ARTS 5750 - Advanced Narrative Digital Filmmaking
Credits: 4.0 [max 12.0]
Course Equivalencies: 02477 - ArtS 3750/ArtS 5750
Typically offered: Every Fall & Spring
Narrative forms of video. Documentary, live action, memoir, experimental forms. Digital video production and editing. Personal aesthetic and conceptual directions. Theory, critical readings about historical and contemporary works in video. prereq: 3750
ARTS 5760 - Experimental Film and Video
Credits: 4.0 [max 12.0]
Course Equivalencies: 02483 - ArtS 3760/ArtS 5760
Typically offered: Every Fall & Spring
Experimental approaches in producing digital video within a contemporary art context. Using digital media technologies in installation, performance, and interactive video art. Emphasizes expanding personal artistic development. Theoretical issues, critical/historical readings/writings in media arts. prereq: 3760
ARTS 5770 - Animation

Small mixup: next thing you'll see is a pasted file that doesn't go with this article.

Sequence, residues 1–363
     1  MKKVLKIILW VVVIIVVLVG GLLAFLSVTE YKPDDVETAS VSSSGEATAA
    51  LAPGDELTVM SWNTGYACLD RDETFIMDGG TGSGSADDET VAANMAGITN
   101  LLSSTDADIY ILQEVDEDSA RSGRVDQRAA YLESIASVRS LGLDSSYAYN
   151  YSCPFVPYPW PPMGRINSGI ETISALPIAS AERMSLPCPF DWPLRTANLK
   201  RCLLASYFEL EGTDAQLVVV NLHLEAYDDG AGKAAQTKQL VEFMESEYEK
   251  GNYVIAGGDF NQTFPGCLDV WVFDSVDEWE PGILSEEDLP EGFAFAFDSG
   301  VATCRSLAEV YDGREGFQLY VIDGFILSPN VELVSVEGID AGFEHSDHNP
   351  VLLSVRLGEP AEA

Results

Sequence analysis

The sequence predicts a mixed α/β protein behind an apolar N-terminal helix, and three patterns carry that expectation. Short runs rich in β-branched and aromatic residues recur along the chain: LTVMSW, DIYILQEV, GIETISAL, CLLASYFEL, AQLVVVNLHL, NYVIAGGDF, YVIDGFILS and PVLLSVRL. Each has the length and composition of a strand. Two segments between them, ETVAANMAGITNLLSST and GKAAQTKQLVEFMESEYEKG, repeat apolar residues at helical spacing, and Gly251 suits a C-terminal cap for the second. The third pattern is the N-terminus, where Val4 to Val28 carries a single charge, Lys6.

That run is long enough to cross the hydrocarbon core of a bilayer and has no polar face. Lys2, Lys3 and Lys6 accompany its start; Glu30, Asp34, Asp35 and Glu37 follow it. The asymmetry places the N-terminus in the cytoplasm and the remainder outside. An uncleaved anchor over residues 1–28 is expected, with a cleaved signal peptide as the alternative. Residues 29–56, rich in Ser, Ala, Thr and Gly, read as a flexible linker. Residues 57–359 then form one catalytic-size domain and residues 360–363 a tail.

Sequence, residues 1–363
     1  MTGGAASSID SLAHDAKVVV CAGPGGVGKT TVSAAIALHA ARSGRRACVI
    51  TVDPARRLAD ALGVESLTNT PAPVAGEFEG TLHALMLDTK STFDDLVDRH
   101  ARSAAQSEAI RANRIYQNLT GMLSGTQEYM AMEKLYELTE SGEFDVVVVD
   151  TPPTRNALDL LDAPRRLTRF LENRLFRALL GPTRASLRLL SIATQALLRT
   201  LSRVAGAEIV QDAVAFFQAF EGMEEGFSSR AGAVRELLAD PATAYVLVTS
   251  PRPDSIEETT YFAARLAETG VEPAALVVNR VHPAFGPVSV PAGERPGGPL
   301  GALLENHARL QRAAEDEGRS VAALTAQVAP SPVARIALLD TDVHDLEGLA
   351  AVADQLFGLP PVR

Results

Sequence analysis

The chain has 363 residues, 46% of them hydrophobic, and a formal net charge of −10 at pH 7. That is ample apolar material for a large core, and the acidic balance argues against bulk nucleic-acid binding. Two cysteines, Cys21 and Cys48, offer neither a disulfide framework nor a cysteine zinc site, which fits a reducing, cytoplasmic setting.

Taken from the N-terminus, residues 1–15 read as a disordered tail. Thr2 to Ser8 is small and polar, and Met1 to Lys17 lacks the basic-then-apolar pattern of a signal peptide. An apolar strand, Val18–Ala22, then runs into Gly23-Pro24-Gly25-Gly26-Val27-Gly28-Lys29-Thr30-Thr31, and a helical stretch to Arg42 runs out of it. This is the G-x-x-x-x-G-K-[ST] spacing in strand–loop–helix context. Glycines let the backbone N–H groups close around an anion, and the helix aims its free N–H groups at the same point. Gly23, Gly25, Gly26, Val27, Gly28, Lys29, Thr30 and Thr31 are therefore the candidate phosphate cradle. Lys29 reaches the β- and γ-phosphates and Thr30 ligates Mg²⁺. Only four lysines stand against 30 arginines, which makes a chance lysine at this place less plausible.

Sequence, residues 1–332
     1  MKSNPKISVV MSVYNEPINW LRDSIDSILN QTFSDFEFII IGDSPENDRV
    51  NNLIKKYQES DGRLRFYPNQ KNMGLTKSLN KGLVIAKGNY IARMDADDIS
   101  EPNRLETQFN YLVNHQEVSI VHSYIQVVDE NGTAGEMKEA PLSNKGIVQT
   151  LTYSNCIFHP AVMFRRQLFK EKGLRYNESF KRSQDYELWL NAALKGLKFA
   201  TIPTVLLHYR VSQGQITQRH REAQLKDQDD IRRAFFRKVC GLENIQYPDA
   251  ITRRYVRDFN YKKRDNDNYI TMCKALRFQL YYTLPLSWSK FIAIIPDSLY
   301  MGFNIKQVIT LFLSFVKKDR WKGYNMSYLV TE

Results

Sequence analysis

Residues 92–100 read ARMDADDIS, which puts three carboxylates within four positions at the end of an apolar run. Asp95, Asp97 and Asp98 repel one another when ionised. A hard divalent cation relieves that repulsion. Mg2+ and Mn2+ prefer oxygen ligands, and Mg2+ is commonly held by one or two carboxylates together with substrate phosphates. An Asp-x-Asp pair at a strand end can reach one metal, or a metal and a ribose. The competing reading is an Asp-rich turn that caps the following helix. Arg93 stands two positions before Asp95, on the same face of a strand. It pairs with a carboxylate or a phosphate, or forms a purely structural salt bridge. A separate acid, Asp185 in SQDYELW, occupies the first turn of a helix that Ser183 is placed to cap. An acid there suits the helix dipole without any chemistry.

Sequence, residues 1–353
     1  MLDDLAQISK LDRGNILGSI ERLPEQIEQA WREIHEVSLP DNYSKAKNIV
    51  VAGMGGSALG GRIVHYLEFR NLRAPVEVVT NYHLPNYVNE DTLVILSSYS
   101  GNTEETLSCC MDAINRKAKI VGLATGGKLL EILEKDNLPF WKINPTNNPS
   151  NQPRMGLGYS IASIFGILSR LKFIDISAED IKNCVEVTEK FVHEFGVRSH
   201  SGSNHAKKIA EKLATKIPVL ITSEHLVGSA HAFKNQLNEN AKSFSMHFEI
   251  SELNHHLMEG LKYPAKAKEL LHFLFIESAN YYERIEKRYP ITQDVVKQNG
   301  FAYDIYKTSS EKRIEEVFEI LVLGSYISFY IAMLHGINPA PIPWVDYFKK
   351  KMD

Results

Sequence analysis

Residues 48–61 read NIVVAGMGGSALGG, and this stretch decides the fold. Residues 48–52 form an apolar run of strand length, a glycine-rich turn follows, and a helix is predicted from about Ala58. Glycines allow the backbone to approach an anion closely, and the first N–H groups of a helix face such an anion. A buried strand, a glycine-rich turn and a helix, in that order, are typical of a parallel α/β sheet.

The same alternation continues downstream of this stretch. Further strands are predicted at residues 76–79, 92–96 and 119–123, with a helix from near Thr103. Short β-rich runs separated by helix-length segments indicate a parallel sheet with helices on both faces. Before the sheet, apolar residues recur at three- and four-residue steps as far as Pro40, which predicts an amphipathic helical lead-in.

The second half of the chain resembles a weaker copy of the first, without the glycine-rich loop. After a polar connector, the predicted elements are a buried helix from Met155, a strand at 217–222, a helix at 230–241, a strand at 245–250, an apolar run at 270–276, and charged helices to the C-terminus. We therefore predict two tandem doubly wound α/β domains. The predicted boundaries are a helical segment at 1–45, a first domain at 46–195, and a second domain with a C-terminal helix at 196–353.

Credits: 4.0 [max 12.0]
Course Equivalencies: 02478 - ArtS 3770/ArtS 5770
Typically offered: Every Fall & Spring
Creating ideas visually with 2- and 3-dimensional animation technologies. Vector- and layer-based raster animation. Modeling objects and spaces, creating textures, lighting, movement, sound track. prereq: 3770
ARTS 5890 - 3D Modeling and Digital Fabrication
Credits: 4.0 [max 12.0]
Course Equivalencies: 02516
Typically offered: Every Spring
In this class, students will learn the basic skills of 3D computer modeling and digital fabrication to generate objects using the Department of Art's 3D Printers, 3-axis CNC Router and Laser Cutter. Instruction includes computer modeling in Adobe Illustrator and Rhino, transfer of files and object fabrication.